After a year of liberation of the Syrian town of Baguz and the SDF announcement of its liberation on March 23, 2019 which was the last stronghold of ISIS, following the other liberated cities and towns of northeastern Syria.
The town of Baguz, located in the eastern countryside of Deir ez-Zor, gained international attention a year ago, but forgotten soon by the international community which failed to support its residents, given the limited capacity of the local authorities to manage the area.
Baguz which is one of Al-Sousa district of Al abu Kamal district, is located 125 km east of Deir ez-Zor city and includes 3 villages "Baguz Tahtani, Hawija Al-Safana, Hawija Al-Mashhad". The population reached 45,000 people before 2011 according to the co-chair of the Local Council of Baguz, Salem Muhammad Ali al-Khalaf.
Following its liberation by the SDF, the residents of the town and its villages were displaced to the areas of northeastern Syria that the Autonomous Administration camps were not able to return directly there because the SDF launched a campaign toclear mines and remnants of ISIS.
The first return trips to Baguoz began in coordination with the Deir ez-Zor Civil Council in early August 2019, bringing the number of returnees to the town and its villages after a year of liberation to 30.000 people according to the local council statistics.
Today, Baguz, which is managed by its own people and the local Council of Baguz, which was formed on January 1, 2020, following the establishment of 15 communes which consist of a joint presidency, a board of directors and 7 committees such as "services, health, economy, agriculture, women, youth, education" committees.
"We have many projects. We are starting them after organizing the residents of the town and its villages. We seek to improve all aspects of health, service, and education, depending on our capabilities and the provided support by Deir ez-Zor civil, amid the absence of international support, humanitarian organizations and the international coalition." The co-chair of the Local Council said.
On the service level, Baguz residents did not hesitate to cooperate with Deir ez-Zor Civil Council in removing the rubble, opening the main and secondary roads in the center of the town and its villages as part of an action plan called the "Euphrates Program", which lasted only for three months from 17 September 2019, but was only within the specified period and stopped, after which the service of the town is provided according by Deir ez-Zor Civil Council.
As for the provided services in the town, the official of the Services Committee, Abdullah Suleiman pointed out that the committee through the Euphrates program was able to deport more than 40,000 cubic meters of the waste . The town was provided with 17,000 cubic meters of drinking water and 450 bodies were removed from mass graves left by ISIS.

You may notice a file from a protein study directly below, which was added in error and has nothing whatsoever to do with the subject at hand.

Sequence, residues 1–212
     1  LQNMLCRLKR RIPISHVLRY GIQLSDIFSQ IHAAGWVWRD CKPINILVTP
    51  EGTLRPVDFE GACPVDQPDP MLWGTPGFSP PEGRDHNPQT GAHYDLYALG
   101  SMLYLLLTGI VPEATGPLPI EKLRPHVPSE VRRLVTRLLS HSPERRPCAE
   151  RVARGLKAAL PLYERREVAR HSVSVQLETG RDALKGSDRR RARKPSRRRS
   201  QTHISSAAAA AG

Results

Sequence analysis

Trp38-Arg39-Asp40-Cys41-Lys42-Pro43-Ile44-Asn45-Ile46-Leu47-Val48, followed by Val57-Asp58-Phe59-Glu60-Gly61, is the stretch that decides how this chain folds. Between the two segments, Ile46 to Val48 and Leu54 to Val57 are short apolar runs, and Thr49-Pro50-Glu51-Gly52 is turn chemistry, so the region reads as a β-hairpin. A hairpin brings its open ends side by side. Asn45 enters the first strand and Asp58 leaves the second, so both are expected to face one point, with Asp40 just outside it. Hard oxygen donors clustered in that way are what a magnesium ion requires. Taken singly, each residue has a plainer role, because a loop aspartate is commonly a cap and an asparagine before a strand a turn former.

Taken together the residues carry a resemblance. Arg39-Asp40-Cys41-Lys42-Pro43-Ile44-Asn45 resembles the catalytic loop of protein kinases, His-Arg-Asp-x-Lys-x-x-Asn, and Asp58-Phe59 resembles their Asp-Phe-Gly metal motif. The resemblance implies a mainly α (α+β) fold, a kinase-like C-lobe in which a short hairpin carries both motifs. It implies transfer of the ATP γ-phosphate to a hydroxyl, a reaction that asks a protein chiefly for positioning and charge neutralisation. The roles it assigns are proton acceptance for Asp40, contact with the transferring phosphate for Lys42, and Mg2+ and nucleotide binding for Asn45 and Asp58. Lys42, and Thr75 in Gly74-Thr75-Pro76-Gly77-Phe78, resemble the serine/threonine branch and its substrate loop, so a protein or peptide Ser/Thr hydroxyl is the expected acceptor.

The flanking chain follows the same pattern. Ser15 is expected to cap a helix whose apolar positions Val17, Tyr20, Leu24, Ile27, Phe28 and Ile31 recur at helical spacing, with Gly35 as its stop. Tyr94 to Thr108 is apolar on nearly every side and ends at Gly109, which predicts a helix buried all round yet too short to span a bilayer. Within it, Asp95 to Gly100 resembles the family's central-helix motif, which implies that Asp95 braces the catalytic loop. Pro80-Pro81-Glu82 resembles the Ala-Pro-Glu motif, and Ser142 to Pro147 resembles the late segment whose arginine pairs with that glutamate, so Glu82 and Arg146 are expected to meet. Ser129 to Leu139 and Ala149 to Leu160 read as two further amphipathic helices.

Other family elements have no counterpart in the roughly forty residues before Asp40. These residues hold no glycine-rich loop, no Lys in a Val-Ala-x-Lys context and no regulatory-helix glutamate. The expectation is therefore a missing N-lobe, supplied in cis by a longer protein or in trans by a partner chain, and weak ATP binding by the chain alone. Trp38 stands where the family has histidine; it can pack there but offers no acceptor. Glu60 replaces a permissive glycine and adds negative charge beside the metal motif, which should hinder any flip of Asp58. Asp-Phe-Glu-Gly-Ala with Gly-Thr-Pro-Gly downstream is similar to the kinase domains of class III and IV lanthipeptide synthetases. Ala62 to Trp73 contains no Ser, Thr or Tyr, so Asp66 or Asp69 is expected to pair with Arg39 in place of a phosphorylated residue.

Suleiman said none of the institution or organization which supported by the international coalition against ISIS, the international community and humanitarian organizations has provided any assistance to the region since its liberation, despite the region's need for assistance.
On the health front, Baguz people complain about lack of health care and medical clinics, which are limited to a clinic opened by the Council with the support of its own residents. This clinic lacks medical equipment, doctors and specialists.
"We have a clinic and a number of nurses, but there is no equipment," said Ibrahim Al-Rash, director of the Baguz clinic.
In the absence of health care, Baguoz people fear the emergence of the infectious diseases due to the mass graves left by ISIS.
"There are many mass graves mostly superficial. We fear the diseases. Only 450 bodies have been recovered so far by Deir ez-Zor Civil Council. Many more remain. "No organization or any other coalition has supported us in this context." said 40-years-old Abboud al-Hassan, who lives in the village of Hawija with his family.
The lack of resources and support is not limited to the health and service sector, the educational sector is not at its best, as it lacks the appropriate support to restore the wheel of education to the town, especially with the large turnout of the children. Parents send their children to school after years of deprivation.
Baguz and its villages have seven schools, two of them have been decommissioned as a result of the fighting in the area. The town's residents today rely on only five of them although these schools and their equipment have been burned and vandalized.
"We started a self-initiative through the council to start education. As you can see there are no doors and no windows in schools, except for some of what we have secured. We have only 300 seats in our schools, which were sent by Deir ez-Zor Civil Council." said Baguz schools director, Farhan Khalfan al-Dawoud.
Daoud pointed out that there is a high demand for schools by and more than 2,500 students attend the town's schools, noting the need for the educational sector to rehabilitate schools and provide the town with teachers, school furniture, and stationery.
The town of Baguz is absent from any movement of humanitarian, relief and service organizations, despite the suffering from the lack of the drinking water, the spread of mass graves, the lack of health care, education, and the limited work in the rehabilitation of the town to the efforts of the people of the town and the potential of the Civil Council of Deir Ez-Zor.